Military Careers

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According to the U. S. Bureau of Labor Statistics, 80% of the careers in the United Sates Armed Forces are non-combat, which only leaves 20% of the careers in the Armed Forces to fulfill combat affiliated roles. With roughly 2.6 million people in the United States military, that leaves approximately 520,000 people in combat-affiliated roles (Henderson & Dolphin, 2007). The five branches of the United States Military are Air Force, Army, Coast Guard, Navy, and Marines. Each branch of the military has specific jobs, specialties, and responsibilities that work in conjunction with each other to ensure the safety of the United States of America. Different careers within each branch of the military serve a tremendous purpose, but places an enormous …show more content…

Suicide is an ongoing problem in the United States Military, as it is the leading cause of death among military personnel over the past decade and a half (Bryan, McNaughton-Cassill, & Osman, 2013). Suicidal rates of some careers in the Armed Forces has negatively skewed many of the perceptions of the military and war in college students. Skewed perceptions often times influences the propensity and motivators for college students to enlist in the United States Armed Forces.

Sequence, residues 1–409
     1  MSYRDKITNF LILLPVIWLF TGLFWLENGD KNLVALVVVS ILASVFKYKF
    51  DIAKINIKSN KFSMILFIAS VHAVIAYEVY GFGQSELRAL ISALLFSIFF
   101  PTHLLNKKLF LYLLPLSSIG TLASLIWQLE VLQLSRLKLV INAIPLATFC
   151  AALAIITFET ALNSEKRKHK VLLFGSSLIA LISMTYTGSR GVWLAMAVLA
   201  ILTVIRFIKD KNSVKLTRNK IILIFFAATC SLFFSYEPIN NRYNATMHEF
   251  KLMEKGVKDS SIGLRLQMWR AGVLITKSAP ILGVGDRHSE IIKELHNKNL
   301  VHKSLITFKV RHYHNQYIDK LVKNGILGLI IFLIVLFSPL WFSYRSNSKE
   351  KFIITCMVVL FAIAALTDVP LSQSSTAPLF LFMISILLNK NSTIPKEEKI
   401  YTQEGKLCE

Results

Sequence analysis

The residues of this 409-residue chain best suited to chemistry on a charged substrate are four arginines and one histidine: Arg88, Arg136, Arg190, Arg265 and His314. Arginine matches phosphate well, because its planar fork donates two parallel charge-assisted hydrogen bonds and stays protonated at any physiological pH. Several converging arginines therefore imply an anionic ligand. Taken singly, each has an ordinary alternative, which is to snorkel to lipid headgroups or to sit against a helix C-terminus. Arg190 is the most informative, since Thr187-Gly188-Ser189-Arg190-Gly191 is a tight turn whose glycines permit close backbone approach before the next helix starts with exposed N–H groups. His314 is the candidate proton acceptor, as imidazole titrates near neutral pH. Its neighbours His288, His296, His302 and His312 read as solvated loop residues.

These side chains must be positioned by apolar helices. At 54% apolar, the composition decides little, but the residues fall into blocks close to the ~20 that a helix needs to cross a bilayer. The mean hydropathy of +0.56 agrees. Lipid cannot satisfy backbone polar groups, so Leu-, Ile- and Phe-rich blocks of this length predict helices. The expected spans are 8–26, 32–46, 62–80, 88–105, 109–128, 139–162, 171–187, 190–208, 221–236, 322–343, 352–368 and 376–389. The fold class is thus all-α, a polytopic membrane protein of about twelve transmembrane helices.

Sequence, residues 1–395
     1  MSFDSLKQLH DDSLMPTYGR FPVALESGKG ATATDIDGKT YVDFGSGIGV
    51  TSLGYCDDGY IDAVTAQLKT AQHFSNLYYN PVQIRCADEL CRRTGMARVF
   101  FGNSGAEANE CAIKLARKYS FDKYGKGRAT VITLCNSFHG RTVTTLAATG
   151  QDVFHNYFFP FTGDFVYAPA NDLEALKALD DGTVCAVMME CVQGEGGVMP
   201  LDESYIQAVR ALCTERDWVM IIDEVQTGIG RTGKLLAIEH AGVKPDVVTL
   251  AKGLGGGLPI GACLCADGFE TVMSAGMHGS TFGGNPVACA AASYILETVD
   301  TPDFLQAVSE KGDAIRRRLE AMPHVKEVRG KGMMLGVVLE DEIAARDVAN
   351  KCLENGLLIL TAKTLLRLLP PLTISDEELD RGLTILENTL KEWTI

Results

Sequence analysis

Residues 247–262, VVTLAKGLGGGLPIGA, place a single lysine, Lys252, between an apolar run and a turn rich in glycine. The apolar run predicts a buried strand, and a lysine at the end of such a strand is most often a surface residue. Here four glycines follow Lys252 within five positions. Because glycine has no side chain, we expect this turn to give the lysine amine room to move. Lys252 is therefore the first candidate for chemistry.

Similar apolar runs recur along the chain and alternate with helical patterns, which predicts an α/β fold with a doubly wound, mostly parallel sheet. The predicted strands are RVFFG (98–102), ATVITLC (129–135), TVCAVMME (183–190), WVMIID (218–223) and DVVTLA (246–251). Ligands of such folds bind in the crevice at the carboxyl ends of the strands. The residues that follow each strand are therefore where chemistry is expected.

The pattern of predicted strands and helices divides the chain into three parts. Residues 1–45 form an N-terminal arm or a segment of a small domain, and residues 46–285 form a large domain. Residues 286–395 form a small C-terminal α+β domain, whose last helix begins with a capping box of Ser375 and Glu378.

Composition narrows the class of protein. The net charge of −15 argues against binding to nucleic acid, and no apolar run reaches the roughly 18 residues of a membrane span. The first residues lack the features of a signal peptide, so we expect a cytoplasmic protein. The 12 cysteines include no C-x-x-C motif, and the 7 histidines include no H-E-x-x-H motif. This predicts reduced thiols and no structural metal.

Motivators to Enlist While various attitudes towards war can adversely impact motivators to enlist in the Armed Forces, motivators to join can potentially outweigh the negative attitudes towards war. Individuals who expressed a high propensity to serve had an enlistment rate 24% higher compared to individuals who expressed a negative enlistment intention (Woodruff, Kelty, & Segal, 2006). …show more content…

Being deployed does not mean that one will be in a combat zone, deployment is being sent to fulfill a duty assignment. It is hypothesized that preconceptions of war are the main factors in college students determining their enlistment choice in the Armed Forces. Stevenson, Roscoe, and Kennedy (1988) concluded that the three dominant sources of information pertaining to war are teachers, books and newspapers, and television. These sources, especially television, can portray deceiving messages about war and the military. Television messages can be deceiving because it will only show certain aspects of war, and what the media believes is the most interesting to viewers. Franke (2001), found that 92% of senior cadets at West Point Academy view war as the military’s main purpose. Socioeconomic Status is a minor factor in determining one’s attitudes towards the war. The higher the socioeconomic status of an individual the more supportive one is of international interventionism (e.g. war) (Leal, 2005). Race is another factor that has a small impact on an individual’s attitude towards war. African-American Cadets along with other minority groups, are less supportive of war than Caucasians (Ender, Rohall, & Matthews, 2015). Furthermore, the study found that 51% of African-American civilians sampled support war, compared to

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